I fell deeply in love with the hawthorn tree when I started studying herbal medicine in 2002 to receive Practical Herbalist and Consultant Herbalist diplomas. As part of the program we spent an entire weekend studying herbal medicine making and wandering around a foggy homestead near Duncan, BC called Hawthorn Farm. There, I encountered a number of different Crategus species that had been lovingly planted decades earlier. I heard stories about the hawthorn tree’s berries, its leaves and flowers, and the affinity they all seemed to have with the heart and the cardiovascular system. It was there that I first intimately encountered the leaf shape of the introduced and one-seeded Crategus monogyna, the dark purple berries, the grey and rough bark of the BC native Crataegus douglasii.
In Autumn, leaving the capital city of Victoria and driving up Vancouver Island assures you an encounter with lush rainforests mixed with maples and cedars, all dripping in moss, ferns, and usnea. From the road you can see rocky walls dressed in lichens and the cascading waterfalls towering behind. Barely into my 20th year, a recent prairie transplant, I was fixated on everything outside the backseat window of a fellow student’s car. I was without a vehicle and didn’t get a chance to leave the city much, so our recent shamanic and Ayurvedic adventures, our herb walks and plant identification workshops all allowed me my first real taste of the diversity of plant ecology and wealth of herbal medicine available on the Pacific Northwest coastline.
Soon we were arriving at Hawthorn Farm for the first morning of our weekend herbal medicine-making retreat. After pulling off the highway we weaved along the side roads with their pavement free from painted lines or potholes, framed in blackberry brambles all tangled around ancient crooked fences. Each of their simple wooden posts connected with thin undulating strands of barbed wire. These simple country barriers always strong enough to keep the horses in, and just inviting enough (if you can find a break in the brambles) to welcome a passerby to tug on the bottom wire and step through. The same way my mother taught me.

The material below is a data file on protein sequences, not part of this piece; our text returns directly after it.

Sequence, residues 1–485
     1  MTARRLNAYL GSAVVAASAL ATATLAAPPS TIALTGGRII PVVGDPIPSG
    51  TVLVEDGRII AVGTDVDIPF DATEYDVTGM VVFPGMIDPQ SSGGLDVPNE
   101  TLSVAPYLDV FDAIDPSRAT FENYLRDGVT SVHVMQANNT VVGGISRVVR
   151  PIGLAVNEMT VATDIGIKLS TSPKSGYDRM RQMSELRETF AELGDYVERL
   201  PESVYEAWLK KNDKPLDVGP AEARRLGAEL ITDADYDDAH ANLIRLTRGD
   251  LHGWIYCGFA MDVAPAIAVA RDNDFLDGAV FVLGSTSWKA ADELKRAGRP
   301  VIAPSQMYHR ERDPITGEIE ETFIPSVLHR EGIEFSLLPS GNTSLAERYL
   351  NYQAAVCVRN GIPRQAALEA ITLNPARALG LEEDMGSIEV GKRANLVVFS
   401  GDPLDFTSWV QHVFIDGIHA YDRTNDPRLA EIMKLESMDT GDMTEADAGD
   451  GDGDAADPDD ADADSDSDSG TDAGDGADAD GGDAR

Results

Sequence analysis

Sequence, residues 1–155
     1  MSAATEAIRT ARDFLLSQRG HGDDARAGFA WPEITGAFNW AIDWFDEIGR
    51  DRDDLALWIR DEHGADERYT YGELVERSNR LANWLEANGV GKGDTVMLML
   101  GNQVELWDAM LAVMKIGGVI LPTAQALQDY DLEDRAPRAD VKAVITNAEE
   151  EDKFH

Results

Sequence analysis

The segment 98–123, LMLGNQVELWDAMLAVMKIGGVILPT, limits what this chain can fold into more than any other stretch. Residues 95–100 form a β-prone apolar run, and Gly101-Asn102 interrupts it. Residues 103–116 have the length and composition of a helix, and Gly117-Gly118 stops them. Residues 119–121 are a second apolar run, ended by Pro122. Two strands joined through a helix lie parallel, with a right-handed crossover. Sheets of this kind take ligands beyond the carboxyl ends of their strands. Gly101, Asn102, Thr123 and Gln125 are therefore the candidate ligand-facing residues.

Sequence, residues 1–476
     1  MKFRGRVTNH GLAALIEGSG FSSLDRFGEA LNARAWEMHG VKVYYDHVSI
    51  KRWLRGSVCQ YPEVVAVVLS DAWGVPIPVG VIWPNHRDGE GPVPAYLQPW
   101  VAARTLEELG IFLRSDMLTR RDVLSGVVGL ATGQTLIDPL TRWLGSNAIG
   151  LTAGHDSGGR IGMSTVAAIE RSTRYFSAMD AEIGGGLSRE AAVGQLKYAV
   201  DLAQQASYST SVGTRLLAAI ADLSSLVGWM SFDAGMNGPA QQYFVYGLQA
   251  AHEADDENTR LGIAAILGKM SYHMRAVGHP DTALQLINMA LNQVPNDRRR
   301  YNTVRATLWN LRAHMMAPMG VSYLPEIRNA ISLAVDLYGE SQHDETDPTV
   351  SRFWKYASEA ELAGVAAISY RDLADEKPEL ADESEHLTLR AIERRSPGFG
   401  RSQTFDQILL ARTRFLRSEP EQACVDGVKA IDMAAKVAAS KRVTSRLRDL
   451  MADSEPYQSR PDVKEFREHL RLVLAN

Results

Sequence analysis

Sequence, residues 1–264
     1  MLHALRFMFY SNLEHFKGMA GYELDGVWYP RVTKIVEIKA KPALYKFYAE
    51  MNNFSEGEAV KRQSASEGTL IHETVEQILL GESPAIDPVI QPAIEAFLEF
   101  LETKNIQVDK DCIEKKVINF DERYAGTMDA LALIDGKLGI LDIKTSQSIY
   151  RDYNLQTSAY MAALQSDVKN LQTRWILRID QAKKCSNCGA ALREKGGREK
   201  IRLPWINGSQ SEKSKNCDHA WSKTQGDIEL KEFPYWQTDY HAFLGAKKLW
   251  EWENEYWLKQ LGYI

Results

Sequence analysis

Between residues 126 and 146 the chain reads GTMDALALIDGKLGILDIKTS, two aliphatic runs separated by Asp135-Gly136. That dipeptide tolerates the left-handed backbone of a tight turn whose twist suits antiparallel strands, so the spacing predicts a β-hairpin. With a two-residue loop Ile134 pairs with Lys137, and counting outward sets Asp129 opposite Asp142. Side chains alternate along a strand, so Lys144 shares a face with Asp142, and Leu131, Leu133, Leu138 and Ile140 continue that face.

Right foot first, torso hinging forward and under, then rising and pulling the left leg completely through.
We dipped in the old blue car: low-laying clouds leading to the crests of small hills. Passengers headed to the hawthorns, each of us silently watching the sun peak over the green grey horizon, sending its rays down onto the country homes and acerages, the organic farms, and grazing cattle.
A small faded sign with Hawthorn Farm carved into it welcomed us and we turned onto a long dirt driveway with at least a dozen Hawthorn trees split evenly on either side of us. One pair after another. Brimming with red berries, the haws of the hawthorn trees ready for the first frost after another summer of cool foggy mornings and warm afternoons.
The weekend progressed into teas, decoctions, tinctures, and salves. I gathered hawthorn berries from the trees and made my first tincture using them. Later in the course when we needed to create our first materia medica, I instinctively chose to do a medicinal plant profile on the hawthorn tree. One of the first lessons that we are taught as instinctive herbalists is to listen to our senses, let them lead you. I was called clearly to those hawthorn trees that day, I was fascinated by the thorns of the hawthorn tree, the distinctive characteristics that some hawthorn leaves have, the more palmate the leaves are, somehow the more magical to me. Then there is the cracked ashy bark of some of hawthorn trees – some of them becoming crones of the garden. They are protectors, rejuvenators, mothers, and magicians all at once.
This Thanksgiving, while visiting our sister in Kamloops, I harvested two large bags of berries and leaves from a hawthorn tree (Crategus crus-galli) in her backyard that Jared had planted about 10 years ago. Just days before the first frost, my fingers stiffened to the hard cold red berries as I pulled them from their branches. Some say that the best hawthorn tree berries are harvested after the first frost, but the haws are ready in September or early October. I grabbed a few hundred berries from the tree and took them home to Vancouver to dry and tincture.
Future posts to come on how to dry the haws and use the fresh berries to make a hawthorn berry tincture. The plant profile below contains the plant information I gathered for the first materia medica entry I made as a student of herbalism over 15 years ago. It feels like a lifetime ago to me, but 15 years is surely just the blink of an eye to a hawthorn tree.